During his youth, Crossgrove dabbled in fantastic display lettering and was influenced by comic books, album covers and the art nouveau resurgence of the 1970s.
As he grew older, Crossgrove discovered classical type and lettering, and his typographic interests deepened. He practiced calligraphy and explored the book arts, ceramics, botanical illustration and painting while still in high school. He concentrated on fine arts in college before his passion for language and printing took over.
Crossgrove chose to further his education at the Rochester Institute of Technology.
Before commencing his studies at RIT, he traveled to Boston in the summer of 1990 and met David Berlow, Mike Parker and Matthew Carter. From these luminaries, Crossgrove learned there actually is a type industry and got a behind-the-scenes look at Bitstream’s technical operations.
After his Boston visit and a late-summer trip to Oxford, England, for the Type90 conference, Crossgrove landed at RIT. He was immersed in a rich world of typographic culture and printing history, including the school‘s extensive Cary Graphic Arts Collection.
His curriculum at RIT allowed him to experiment with digital type design software while studying fine typography and printing history.
While at RIT, Crossgrove served two internships in Adobe‘s type department.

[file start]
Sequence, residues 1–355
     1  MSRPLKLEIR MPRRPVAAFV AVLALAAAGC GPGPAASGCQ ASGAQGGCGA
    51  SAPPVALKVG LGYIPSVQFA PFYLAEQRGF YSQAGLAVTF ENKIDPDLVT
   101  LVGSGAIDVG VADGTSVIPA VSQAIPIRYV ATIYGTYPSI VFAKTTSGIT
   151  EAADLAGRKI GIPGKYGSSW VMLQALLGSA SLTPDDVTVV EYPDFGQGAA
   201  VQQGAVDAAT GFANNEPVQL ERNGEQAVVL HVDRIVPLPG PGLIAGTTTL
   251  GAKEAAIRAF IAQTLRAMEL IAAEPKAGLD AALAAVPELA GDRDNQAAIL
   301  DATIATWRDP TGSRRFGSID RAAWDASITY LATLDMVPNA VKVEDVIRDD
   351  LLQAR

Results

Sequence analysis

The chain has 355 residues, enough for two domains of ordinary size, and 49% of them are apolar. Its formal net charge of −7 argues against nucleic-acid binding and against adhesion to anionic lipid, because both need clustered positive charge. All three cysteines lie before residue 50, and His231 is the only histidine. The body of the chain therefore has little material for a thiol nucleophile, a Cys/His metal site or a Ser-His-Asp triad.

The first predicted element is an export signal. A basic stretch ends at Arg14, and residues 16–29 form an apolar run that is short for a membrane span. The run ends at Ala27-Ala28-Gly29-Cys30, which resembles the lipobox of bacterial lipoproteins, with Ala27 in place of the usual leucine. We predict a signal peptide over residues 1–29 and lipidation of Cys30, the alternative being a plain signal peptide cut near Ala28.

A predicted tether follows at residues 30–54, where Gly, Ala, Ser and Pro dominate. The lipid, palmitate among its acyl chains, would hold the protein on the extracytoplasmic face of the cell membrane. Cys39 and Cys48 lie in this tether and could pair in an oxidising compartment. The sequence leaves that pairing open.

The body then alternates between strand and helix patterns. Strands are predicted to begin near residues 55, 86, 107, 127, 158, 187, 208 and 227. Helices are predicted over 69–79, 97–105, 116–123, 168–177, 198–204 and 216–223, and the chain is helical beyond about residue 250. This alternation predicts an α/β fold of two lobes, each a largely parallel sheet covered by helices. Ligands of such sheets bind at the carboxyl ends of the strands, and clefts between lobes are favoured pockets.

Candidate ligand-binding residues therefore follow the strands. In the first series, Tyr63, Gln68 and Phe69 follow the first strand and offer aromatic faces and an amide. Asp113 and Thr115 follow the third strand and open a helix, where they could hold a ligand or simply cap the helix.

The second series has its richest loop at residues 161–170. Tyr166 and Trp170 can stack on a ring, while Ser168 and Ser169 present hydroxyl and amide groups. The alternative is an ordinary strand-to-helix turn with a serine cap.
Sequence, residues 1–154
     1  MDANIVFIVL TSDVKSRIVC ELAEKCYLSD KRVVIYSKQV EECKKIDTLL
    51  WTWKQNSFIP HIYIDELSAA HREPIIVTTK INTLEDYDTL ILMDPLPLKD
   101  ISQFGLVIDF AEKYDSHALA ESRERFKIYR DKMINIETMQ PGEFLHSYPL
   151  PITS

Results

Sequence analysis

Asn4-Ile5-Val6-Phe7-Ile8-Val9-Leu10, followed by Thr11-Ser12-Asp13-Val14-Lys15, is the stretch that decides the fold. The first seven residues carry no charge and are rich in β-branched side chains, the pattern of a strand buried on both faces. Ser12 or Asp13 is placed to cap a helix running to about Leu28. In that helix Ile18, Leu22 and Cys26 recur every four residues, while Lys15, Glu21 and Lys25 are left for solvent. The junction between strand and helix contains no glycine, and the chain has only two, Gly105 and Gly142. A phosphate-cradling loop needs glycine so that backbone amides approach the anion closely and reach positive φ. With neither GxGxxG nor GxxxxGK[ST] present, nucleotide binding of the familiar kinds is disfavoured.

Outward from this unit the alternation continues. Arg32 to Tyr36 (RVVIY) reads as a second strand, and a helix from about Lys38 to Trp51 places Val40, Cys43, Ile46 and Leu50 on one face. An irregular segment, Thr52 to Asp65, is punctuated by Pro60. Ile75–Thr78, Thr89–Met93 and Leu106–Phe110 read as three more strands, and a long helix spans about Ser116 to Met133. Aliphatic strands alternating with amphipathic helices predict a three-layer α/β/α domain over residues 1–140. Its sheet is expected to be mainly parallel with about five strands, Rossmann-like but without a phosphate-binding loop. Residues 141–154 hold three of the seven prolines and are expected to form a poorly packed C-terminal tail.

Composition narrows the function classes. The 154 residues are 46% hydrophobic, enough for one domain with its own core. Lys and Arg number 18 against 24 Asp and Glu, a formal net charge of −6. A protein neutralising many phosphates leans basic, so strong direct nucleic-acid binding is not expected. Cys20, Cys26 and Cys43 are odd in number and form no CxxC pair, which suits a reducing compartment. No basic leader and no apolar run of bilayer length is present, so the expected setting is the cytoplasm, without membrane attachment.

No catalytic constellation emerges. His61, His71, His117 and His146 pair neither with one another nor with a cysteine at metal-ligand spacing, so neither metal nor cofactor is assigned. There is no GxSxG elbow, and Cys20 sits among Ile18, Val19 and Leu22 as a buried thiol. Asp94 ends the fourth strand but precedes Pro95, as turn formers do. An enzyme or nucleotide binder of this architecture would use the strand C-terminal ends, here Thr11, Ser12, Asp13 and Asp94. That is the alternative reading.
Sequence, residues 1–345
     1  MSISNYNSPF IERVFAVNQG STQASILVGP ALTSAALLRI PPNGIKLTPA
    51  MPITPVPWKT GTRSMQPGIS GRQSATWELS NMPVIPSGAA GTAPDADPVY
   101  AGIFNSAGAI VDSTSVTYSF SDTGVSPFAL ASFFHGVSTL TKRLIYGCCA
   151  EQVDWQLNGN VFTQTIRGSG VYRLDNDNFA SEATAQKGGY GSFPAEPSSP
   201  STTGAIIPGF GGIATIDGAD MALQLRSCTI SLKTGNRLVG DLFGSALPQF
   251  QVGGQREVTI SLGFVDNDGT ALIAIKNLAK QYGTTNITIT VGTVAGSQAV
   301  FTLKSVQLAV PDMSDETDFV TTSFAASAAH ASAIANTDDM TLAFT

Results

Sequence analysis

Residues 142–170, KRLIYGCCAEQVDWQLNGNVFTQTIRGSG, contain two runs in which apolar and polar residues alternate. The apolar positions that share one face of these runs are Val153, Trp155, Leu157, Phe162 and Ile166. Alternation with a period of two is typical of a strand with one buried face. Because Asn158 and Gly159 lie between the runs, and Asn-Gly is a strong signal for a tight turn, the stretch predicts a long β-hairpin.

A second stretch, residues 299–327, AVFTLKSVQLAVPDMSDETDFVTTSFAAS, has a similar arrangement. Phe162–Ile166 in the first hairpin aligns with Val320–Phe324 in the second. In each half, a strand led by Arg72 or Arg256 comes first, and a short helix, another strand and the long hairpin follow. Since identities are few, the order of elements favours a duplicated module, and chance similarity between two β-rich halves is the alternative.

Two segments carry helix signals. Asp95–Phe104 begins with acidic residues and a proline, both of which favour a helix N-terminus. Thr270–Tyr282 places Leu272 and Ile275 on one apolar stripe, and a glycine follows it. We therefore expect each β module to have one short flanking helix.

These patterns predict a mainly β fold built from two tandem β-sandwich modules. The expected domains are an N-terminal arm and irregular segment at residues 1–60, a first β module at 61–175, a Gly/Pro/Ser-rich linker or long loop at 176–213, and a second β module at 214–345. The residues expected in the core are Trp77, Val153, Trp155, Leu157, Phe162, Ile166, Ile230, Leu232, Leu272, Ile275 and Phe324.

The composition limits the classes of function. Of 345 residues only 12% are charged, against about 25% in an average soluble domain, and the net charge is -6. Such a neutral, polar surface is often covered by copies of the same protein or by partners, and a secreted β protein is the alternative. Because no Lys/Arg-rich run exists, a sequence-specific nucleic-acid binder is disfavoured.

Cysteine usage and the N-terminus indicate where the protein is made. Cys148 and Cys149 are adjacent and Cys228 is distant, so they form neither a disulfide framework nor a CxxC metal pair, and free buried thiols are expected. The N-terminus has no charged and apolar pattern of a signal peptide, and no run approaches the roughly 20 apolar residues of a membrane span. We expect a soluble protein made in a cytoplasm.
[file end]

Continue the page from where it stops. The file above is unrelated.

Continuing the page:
He also visited European printing museums to study the original drawings of Rudolf Koch, Georg Trump, Georg Trump, Hermann Zapf and other lettering greats.
In 1994, Crossgrove earned a degree in printing with a concentration in typography from RIT. He moved to San Francisco and worked in print production for a number of years while freelancing on several type design projects for Monotype, before joining the company in 2001.
Crossgrove has designed a variety of typefaces ranging from the Reliq, Origami™ and Beorcana designs to the warm, clean lines of the Mundo Sans™ type family.
His work for Monotype often takes him into the realm of non-Latin scripts
and type production. One recent challenge was reviving the Noori Nastaliq™ type
family, a connecting calligraphic Arabic script originally developed for use on Monotype imagesetters in the 1970s. “Nastaliq is a revered historic style of calligraphy which is characterized by sloping word alignments,” Crossgrove says. Previous incarnations of desktop technology did not allow for implementation of the script until OpenType® technology made it possible to create fonts to set exotic and complicated languages.
Crossgrove analyzed the original calligraphy to find a common joining scheme that
would work technically while providing fluid, realistic written joins.